If I were to teach mathematics I would like to teach from a historical perspective. Why did the greats figure out what they did? Then there are people like Ramanujan who figured out weird things that on the surface have no practical value.

BTW, I believe "The Knack" is much more important than a college education. Having "The Knack" is everything.

The first motion control program I wrote back in 1983 involved synchronizing two conveyor lines but the upstream line had to sometimes slow down then speed up to make an empty space on the down stream line. I had no control training, teacher or someone that told me how to do this yet it seemed obvious that PI control with a feed forward geared to the down stream line was the obvious solution. I was told it couldn't be done but I did it in one day.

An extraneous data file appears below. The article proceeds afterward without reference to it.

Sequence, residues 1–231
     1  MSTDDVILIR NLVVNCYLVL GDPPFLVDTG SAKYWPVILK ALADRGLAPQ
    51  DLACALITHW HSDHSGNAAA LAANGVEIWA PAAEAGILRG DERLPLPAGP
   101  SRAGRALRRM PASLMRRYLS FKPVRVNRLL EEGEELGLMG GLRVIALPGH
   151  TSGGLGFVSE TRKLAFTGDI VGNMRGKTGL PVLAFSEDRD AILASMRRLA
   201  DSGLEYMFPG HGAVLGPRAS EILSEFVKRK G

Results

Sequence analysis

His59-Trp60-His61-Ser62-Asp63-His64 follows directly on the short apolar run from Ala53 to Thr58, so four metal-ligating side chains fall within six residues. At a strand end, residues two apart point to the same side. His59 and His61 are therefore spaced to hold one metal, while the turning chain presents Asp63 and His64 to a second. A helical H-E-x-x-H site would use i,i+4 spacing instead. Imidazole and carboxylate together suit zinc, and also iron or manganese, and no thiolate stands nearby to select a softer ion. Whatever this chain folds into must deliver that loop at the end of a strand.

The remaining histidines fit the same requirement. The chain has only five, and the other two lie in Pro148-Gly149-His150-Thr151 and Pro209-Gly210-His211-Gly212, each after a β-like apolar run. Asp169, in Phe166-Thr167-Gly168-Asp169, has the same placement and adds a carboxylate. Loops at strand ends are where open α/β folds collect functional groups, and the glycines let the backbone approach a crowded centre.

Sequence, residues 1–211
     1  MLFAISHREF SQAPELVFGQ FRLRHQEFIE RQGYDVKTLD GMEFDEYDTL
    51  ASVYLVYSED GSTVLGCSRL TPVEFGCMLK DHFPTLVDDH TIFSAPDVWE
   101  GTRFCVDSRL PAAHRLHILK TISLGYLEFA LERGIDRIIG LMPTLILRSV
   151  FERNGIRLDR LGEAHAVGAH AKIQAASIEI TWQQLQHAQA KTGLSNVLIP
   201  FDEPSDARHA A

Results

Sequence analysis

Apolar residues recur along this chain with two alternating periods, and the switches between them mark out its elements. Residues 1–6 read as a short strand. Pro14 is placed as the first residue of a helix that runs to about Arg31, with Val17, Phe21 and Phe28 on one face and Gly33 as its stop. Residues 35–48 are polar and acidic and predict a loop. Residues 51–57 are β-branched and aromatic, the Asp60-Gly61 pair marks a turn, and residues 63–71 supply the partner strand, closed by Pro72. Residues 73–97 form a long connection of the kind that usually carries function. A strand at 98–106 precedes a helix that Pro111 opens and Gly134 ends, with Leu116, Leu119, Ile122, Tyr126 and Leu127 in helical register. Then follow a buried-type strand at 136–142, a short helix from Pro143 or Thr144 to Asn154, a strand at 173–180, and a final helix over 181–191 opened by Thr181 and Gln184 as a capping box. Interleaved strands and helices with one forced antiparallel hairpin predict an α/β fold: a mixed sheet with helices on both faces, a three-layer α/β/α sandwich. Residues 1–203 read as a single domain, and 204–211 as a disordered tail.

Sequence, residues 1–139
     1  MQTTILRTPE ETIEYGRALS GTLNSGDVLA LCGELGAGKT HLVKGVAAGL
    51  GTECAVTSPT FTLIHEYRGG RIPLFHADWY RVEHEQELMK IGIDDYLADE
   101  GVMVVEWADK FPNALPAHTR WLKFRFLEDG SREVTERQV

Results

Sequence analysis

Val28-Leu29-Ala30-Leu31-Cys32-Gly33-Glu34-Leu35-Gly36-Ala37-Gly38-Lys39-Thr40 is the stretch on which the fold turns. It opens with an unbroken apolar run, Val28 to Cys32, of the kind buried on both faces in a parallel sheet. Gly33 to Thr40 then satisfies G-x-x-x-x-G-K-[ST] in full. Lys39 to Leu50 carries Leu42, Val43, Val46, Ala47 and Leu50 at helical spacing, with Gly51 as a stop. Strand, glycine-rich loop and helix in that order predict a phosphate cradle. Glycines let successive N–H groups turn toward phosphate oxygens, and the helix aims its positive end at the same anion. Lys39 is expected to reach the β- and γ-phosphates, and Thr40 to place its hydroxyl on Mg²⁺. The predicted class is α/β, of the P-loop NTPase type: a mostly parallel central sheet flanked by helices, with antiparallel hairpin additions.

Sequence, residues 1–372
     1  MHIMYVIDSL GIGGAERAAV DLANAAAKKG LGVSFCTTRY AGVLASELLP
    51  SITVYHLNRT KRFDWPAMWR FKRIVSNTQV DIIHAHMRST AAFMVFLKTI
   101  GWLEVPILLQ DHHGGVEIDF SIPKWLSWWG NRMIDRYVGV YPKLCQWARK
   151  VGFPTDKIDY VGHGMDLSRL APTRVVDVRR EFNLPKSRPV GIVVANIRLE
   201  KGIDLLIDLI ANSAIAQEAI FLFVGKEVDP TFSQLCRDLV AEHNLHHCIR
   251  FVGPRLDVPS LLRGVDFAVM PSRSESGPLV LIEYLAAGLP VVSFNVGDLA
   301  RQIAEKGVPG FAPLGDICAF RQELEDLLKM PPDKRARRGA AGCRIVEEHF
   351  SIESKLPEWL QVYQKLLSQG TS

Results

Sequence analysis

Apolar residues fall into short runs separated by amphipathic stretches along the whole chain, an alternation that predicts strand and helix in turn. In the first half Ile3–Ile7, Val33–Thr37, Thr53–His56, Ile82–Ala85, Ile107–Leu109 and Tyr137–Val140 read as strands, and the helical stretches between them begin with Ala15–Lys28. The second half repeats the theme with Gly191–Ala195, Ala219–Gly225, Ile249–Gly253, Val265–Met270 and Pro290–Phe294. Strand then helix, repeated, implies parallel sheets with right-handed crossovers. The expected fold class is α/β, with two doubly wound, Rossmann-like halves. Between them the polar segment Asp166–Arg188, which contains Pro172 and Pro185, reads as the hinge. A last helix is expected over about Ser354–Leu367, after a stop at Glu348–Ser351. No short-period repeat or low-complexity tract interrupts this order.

Now it is so simple and it can be done in a few minutes.
http://deltamotion.com/peter/Videos/Phasing.mp4
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Old December 9th, 2017, 07:33 AM   #36
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Originally Posted by Peter Nachtwey View Post
Norm D compared me to a great Indian mathematician Srinivasa Ramanujan.
I did a search to find out to whom I was being compared to.
Do a search about the "Man who knew infinity"
I saw this movie while flying to China.
This Indian man had no mathematical training yet had "the knack" to figure out all sort of mathematical problems. To Ramanujan these mathematical things were obvious. This is very frustrating to those who don't find these things obvious. I know. It is frustrating for those that don't know and it is frustrating for those that know and can't understand why those that can't understand don't know. It is like living in two different realities.